The release of Sanjay Leela Bhansali’s Padmavat has reignited the controversy surrounding patriarchy and misogyny, a women’s right to life and the glorification of the traditional practices of Sati and Jauhar. A very passionate open letter was written to Mr Bhansali by actor Swara Bhaskar who stated that at the end of the film she felt ‘just like a vagina’. Many other columnists and writers mostly of the so-called ‘progressive’ and the left-liberal hue have come out in support of Ms Bhaskar.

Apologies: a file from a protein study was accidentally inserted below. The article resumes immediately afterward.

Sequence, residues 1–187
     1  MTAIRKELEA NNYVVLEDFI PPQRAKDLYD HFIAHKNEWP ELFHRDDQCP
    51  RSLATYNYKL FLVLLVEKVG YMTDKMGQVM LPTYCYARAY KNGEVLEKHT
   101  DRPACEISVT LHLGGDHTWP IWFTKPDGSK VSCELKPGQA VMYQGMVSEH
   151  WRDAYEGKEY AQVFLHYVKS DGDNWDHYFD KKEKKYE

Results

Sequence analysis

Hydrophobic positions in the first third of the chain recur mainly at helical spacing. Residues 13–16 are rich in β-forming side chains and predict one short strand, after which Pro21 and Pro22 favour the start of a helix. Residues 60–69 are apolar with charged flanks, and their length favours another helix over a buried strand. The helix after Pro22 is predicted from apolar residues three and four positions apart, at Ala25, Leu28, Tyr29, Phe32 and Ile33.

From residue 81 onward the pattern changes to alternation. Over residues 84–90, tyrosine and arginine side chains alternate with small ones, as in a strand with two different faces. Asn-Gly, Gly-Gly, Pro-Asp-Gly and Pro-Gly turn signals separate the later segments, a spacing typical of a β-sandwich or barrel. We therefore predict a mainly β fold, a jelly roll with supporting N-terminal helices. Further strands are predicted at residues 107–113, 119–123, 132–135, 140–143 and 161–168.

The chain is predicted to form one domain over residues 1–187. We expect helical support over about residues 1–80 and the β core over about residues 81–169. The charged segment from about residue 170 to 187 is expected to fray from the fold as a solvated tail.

The critics, however, seem to have decontextualized and missed the nuances, when pontificating on issues like self-immolation and a women’s right to life. Ms Bhaskar and other so-called ‘progressives’ rightly argue that a woman has the ‘right to live’ even if she has been raped. Nobody in the right mind would contest that. However, comparing an act of rape with sexual slavery is an illegitimate comparison. Such a comparison completely decontextualizes and obliterates the societal milieu in which these abominable acts take place. Rape is a criminal offence and in all civilised societies, the one subjected to rape is considered a ‘victim’. No civilized society justifies rape, and a rape victim is considered not only as having a right to live with dignity, but also seek legal redressal through the instruments of state like police and the courts. On the other hand, sexual slavery during the medieval times was considered legitimate by the society. It had the religious and societal sanction and women usurped as war booty were subjected to mass rape, forced marriage and sexual depredations. Needless to say unlike a rape in modern society they had no redressal against such depravity and also no way to escape. As a result, they were condemned to sexual slavery forever. In the modern times, the proto-state created by the ISIS is a case in point. It was a state which not only allowed but also justified keeping women as sex slaves. A glimpse of the horrors perpetrated by the ISIS brutes on women subjected to sexual slavery can be found in the book, ‘The Last Girl’ by ISIS survivor Nadia Murad, who called her experience in ISIS captivity as ‘a slow, painful death – of the body and the soul.’ She was repeatedly raped, spat upon and her body burnt with cigarettes. She says that many women captives killed themselves. There were reports of Yazidi women setting themselves on fire to make themselves less attractive for ISIS men. Would it be fair to brand the acts of these women for attempting suicide or burning themselves as perverse? Will that not amount to victim blaming? Of course, it would be. Padmavati did exactly what these Yazidi women did; embrace death rather than be completely dehumanised and be reduced to a sexual plaything of the Khilji invaders. The right to life does not mean only the right to ‘exist’ but inherent in it is the ability to lead a life with dignity. What dignity could Rani Padmavati have in a life which condemned her to perpetual sexual slavery till her last breath? So before anyone condemns her ‘choice’ of death with Jauhar, is it not important to understand the context in which the decision was taken? Interestingly the so-called ‘progressives’ have always been at the forefront of protesting against the commodification of women (rightly so) but then, what would Rani Padmavati and other women of Mewar be, other than a commodity in the Khilji harem? They would have been reduced to dehumanised playthings to be enjoyed, traded amongst men, tortured and raped at will.